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Become A Finisher

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Working As A Finisher

  • Making Decisions and Solving Problems
  • Inspecting Equipment, Structures, or Material
  • Operating Vehicles, Mechanized Devices, or Equipment
  • Performing General Physical Activities
  • Estimating the Quantifiable Characteristics of Products, Events, or Information
  • Outdoors/walking/standing

  • Unpleasant/Hazardous Environment

  • $43,080

    Average Salary

What Does A Finisher Do

Masonry workers, also known as masons, use bricks, concrete blocks, concrete, and natural and manmade stones to build walls, walkways, fences, and other masonry structures.

Duties

Masons typically do the following:

  • Read blueprints or drawings to calculate materials needed
  • Lay out patterns, forms, or foundations according to plans
  • Break or cut materials to required size
  • Mix mortar or grout and spread it onto a slab or foundation
  • Clean excess mortar with trowels and other hand tools
  • Construct corners with a corner pole or by building a corner pyramid
  • Align structure vertically and horizontally
  • Clean and polish surfaces with hand or power tools
  • Fill expansion joints with the appropriate caulking materials

Masonry materials are some of the most common and durable materials used in construction. Brick, block, and stone structures can last for hundreds of years. Concrete—a mixture of cement, sand, gravel, and water—is the foundation for everything from decorative patios and floors to huge dams or miles of roadways.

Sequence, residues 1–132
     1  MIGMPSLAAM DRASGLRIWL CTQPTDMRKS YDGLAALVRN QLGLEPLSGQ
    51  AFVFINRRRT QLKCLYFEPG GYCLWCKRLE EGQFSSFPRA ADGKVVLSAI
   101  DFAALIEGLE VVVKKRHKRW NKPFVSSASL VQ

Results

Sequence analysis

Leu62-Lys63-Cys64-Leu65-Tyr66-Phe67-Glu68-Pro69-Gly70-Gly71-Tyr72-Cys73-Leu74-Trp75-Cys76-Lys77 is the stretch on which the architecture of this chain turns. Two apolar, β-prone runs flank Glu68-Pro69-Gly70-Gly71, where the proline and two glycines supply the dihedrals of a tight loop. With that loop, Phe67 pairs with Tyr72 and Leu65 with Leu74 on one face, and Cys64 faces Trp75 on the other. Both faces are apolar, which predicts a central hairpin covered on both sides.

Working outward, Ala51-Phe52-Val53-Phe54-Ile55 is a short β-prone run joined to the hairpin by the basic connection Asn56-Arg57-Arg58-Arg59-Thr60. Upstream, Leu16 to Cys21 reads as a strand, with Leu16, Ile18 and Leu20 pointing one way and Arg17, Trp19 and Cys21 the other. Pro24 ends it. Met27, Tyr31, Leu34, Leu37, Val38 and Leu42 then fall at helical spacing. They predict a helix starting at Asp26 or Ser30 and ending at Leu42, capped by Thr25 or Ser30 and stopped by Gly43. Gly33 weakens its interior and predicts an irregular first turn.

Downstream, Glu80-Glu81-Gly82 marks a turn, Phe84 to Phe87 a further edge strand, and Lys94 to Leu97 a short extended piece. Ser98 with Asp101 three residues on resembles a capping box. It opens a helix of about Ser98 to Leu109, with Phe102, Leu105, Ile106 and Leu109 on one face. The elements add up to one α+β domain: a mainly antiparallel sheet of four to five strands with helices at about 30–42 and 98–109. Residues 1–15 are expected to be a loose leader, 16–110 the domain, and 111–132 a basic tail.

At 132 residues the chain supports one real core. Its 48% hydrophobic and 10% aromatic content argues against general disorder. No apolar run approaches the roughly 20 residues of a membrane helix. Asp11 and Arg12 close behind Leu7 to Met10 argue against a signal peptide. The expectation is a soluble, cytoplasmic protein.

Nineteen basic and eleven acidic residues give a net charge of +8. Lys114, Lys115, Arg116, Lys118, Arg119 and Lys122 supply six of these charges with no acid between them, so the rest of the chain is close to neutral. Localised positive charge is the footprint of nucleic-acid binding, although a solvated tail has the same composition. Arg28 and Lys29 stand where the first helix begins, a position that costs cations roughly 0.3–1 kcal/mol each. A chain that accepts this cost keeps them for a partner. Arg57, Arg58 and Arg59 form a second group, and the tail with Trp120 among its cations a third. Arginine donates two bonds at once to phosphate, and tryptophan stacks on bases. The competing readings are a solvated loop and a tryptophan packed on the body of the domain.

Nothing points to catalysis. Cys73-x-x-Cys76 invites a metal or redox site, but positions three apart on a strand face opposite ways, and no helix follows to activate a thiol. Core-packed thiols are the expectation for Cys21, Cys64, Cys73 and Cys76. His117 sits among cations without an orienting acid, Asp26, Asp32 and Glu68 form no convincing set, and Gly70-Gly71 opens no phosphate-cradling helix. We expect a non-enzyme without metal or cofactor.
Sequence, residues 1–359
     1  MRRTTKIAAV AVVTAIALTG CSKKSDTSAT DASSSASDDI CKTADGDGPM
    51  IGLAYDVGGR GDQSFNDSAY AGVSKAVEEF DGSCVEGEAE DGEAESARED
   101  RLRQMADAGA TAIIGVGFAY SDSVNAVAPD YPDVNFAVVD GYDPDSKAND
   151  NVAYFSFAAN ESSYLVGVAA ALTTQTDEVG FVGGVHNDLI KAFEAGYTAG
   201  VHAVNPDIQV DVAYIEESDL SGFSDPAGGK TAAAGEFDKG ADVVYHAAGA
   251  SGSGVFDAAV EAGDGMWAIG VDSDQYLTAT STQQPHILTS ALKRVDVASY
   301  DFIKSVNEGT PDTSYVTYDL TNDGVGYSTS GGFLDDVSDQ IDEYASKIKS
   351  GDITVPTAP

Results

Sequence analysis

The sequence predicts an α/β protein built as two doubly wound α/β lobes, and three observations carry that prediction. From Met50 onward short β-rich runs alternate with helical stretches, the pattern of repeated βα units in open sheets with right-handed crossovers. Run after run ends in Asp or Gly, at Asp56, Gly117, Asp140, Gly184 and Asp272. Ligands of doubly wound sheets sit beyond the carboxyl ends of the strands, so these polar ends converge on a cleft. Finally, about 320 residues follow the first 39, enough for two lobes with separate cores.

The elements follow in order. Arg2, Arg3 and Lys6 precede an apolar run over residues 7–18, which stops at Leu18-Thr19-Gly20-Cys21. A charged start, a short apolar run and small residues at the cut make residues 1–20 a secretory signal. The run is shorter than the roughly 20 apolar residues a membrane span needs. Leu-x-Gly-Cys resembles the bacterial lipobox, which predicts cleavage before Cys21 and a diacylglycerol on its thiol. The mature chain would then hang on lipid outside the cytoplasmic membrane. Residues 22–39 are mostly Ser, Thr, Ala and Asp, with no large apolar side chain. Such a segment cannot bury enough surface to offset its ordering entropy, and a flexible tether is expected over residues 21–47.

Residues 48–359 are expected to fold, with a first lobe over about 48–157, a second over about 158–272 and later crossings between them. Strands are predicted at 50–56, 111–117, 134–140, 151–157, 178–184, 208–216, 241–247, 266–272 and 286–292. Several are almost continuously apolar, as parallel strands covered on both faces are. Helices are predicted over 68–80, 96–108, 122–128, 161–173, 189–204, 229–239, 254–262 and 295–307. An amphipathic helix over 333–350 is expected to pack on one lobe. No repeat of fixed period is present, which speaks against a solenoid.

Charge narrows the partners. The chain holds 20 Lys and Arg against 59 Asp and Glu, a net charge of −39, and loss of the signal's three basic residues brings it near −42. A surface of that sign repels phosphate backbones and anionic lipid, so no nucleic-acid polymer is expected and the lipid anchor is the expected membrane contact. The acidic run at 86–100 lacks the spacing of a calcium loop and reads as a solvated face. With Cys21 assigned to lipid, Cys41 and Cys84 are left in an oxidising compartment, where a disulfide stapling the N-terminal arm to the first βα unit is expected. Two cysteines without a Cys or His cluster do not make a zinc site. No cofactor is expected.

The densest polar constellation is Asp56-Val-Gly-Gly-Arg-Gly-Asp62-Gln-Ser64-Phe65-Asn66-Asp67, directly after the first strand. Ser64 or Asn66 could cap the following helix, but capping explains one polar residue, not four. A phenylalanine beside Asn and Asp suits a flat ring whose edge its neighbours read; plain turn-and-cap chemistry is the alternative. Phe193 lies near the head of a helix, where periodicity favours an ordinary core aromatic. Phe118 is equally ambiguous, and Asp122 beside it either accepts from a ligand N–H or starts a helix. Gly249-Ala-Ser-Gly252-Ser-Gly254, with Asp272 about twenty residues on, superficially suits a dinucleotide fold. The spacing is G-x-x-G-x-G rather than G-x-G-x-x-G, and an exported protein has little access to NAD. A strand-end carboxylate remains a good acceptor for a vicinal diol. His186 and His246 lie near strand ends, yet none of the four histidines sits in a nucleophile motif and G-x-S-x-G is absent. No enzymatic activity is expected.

Brickmasons and blockmasons—often called bricklayers—build and repair walls, floors, partitions, fireplaces, chimneys, and other structures with brick, terra cotta, precast masonry panels, concrete block, and other masonry materials. Pointing, cleaning, and caulking workers are brickmasons who repair brickwork, particularly on older structures on which mortar has come loose. Refractory masons are brickmasons who specialize in installing firebrick, gunite, castables, and refractory tile in high-temperature boilers, furnaces, cupolas, ladles, and soaking pits in industrial establishments.

Cement masons and concrete finishers place and finish concrete. They may color concrete surfaces, expose aggregate (small stones) in walls and sidewalks, or make concrete beams, columns, and panels. Throughout the process of pouring, leveling, and finishing concrete, cement masons must monitor how the wind, heat, or cold affects the curing of the concrete. They must have a thorough knowledge of the characteristics of concrete so that they can determine what is happening to the concrete and take measures to prevent defects. Some small jobs may require the use of a supportive wire mesh called lath. On larger jobs, reinforcing iron and rebar workers install the reinforcing mesh.

Segmental pavers—also referred to as patio pavers—install interlocking masonry walkways, driveways, and patios. Workers need to prepare the site carefully to ensure the masonry units connect properly without gaps or ridges.

Stonemasons build stone walls, as well as set stone exteriors and floors. They work with two types of stone: natural-cut stone, such as marble, granite, and limestone; and artificial stone, made from concrete, marble chips, or other masonry materials. Using a special hammer or a diamond-blade saw, workers cut stone to make various shapes and sizes. Some stonemasons specialize in setting marble, which is similar to setting large pieces of stone.